By John Funk
AKRON, Ohio — A U.S. bankruptcy judge signaled Thursday he will not confirm a reorganization plan for FirstEnergy Solutions that would have absolved its parent company from liability for environmental damages from its coal and nuclear power plants.
Bankruptcy Judge Alan Koschik of the Northern District of Ohio ruled orally from the bench that the “disclosure statement” FES must send to creditors describes a reorganization plan the court would find “patently unconfirmable.”
In other words, the judge has — at least for now — ruled the reorganization plan as proposed will not be confirmed.
FES said late Thursday it will submit a revised disclosure statement.
“Working with our advisors, we have already initiated action to address the court’s ruling and will submit a new request to have the disclosure statement approved in a timely manner,” said FES CEO John Judge. “The company remains focused on a plan that will significantly strengthen its financial position and allow it to exit Chapter 11 in 2019.”
Koschik said the restructuring plan giving broad protection to parent FirstEnergy Corp. does not meet case law established by the Sixth Circuit Court of Appeals.
Environmental groups, including the Sierra Club and a coalition led by the Chicago-based Environmental Law and Policy Center, had challenged the attempt to limit parent FirstEnergy’s environmental liability for months. The Ohio Consumers’ Counsel had also weighed in.
“Judge Koschik correctly determined that debtor FirstEnergy Solutions’ extraordinarily broad releases of environmental liabilities and responsibilities make the proposed reorganization plan ‘patently unconfirmable,’” wrote ELPC Executive Director Howard Learner in a statement released after the hearing.
Attorneys representing EPA, the Nuclear Regulatory Commission and other agencies weighed into the case aggressively in recent weeks saying FES lawyers had ignored them.
They made it clear they consider FirstEnergy responsible for power plant environmental damages and labeled the reorganization plan a “scheme.”
Koschik initially was not certain the bankruptcy court had the broad powers ascribed to it by FES attorneys to protect the parent company far into the future.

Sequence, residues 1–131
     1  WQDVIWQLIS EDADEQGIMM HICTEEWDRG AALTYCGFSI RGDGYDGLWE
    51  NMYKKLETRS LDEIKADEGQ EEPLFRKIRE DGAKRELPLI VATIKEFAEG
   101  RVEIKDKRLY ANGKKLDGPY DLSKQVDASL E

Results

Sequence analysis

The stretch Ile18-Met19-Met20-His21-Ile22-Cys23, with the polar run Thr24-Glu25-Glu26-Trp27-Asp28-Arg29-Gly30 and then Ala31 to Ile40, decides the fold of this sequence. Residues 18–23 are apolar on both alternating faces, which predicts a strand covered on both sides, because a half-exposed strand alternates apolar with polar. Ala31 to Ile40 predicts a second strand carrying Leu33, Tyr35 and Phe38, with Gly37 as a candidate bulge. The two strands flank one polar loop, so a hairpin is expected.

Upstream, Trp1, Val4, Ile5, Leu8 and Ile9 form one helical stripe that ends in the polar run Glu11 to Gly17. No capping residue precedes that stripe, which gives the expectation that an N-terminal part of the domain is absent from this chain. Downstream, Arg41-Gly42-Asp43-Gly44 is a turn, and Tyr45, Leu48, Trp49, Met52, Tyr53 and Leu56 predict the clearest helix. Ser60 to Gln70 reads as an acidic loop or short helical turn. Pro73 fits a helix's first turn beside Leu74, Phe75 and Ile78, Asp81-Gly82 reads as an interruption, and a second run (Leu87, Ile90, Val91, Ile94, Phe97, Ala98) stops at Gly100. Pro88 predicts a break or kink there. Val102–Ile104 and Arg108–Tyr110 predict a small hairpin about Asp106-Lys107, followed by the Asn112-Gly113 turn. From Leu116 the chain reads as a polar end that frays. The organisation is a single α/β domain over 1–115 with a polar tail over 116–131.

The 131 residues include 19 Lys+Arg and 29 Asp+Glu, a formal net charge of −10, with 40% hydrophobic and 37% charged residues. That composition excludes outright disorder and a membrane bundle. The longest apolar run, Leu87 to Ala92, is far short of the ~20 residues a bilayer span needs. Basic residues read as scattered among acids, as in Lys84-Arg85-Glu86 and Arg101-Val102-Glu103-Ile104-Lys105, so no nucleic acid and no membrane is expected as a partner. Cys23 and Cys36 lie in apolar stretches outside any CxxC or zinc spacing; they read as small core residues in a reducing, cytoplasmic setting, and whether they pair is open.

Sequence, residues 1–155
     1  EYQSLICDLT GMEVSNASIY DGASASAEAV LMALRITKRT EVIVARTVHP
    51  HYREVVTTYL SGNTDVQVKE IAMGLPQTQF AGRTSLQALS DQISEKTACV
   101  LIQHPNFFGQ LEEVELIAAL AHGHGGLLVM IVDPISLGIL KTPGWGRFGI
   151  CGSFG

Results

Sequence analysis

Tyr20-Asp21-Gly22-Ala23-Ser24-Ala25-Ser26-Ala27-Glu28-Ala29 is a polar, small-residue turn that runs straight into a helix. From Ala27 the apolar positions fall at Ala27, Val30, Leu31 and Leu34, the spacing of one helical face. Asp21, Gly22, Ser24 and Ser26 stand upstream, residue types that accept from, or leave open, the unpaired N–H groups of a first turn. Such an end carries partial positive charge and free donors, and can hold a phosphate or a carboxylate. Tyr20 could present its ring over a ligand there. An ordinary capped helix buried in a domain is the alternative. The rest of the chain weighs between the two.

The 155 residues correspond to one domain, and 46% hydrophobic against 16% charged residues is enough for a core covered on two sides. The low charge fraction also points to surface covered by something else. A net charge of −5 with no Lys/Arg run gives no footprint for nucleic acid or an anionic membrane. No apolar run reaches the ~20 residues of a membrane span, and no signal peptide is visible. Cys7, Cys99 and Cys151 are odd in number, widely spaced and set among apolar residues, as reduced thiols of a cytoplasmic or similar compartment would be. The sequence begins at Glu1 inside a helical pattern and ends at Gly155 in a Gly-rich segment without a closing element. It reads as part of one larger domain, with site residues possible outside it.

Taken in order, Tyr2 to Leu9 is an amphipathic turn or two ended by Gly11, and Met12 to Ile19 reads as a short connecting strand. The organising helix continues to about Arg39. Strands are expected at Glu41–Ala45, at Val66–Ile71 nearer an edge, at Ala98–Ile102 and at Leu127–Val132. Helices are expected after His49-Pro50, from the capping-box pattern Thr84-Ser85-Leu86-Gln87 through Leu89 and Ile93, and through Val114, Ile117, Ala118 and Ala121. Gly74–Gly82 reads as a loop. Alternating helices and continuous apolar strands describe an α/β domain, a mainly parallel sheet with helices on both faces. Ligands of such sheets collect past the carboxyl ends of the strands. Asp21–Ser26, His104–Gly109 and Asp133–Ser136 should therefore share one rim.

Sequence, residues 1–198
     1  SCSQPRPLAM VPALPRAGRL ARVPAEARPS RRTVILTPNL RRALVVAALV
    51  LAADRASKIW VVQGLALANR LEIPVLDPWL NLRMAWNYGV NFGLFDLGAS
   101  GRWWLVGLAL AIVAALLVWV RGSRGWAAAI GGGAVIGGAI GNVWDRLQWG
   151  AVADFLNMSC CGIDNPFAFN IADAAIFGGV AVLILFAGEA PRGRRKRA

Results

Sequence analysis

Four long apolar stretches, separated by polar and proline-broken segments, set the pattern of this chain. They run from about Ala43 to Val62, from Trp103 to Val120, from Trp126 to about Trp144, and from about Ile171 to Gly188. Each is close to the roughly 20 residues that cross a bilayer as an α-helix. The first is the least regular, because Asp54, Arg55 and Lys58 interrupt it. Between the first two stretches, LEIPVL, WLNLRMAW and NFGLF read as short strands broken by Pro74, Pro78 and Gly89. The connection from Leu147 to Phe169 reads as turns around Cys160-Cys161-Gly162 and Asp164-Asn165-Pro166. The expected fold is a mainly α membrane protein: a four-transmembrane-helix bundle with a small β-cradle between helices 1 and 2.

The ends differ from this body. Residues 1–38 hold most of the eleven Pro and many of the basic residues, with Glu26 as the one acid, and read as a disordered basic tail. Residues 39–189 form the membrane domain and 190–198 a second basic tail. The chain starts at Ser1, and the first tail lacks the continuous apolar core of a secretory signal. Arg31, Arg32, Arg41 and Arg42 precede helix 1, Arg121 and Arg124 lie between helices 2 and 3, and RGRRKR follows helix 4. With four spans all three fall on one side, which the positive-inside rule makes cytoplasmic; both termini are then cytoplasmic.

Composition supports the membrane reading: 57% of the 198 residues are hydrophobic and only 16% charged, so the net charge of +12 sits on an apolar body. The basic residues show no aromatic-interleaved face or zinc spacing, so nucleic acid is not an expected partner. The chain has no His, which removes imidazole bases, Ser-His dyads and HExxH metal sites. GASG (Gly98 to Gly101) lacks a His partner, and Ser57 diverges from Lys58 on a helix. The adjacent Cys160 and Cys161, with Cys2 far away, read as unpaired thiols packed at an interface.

Complicating the situation was the court’s approval of a settlement FirstEnergy and FES negotiated last summer, with the concurrence of the major creditors. In exchange for indemnity, FE agreed to pay FES $600 million in cash and about $400 in services and limited guarantees.
While the judge approved that settlement, separating the two companies, he explained since then he did not approve the details absolving FE from future claims for environmental damage.
But in the months following that September 2018 court ruling, FirstEnergy ballyhooed the approval as proof it would now be profitable as a fully regulated, delivery-only company. That news helped push FE’s share price to a high of $42.13 in the last 52 weeks.
The stock tumbled more than 4% Thursday afternoon, closing at $39.44 on the New York Stock Exchange.
In filings late last month, opponents said approval of the proposed restructuring would make it difficult or impossible to file claims against FE over coal ash or nuclear contamination.
The OCC argued that, under the proposed reorganization, “FirstEnergy would be shielded from any claims or causes of action related in any way to the debtors’ businesses and property, including from any liability for the costly decommissioning of its power plants.”
“Were funds for decommissioning to be inadequate, for example, consumers or taxpayers might be (unfairly) called upon to fund FirstEnergy and FES’s power plant decommissioning liabilities to federal and state governments,” the OCC said.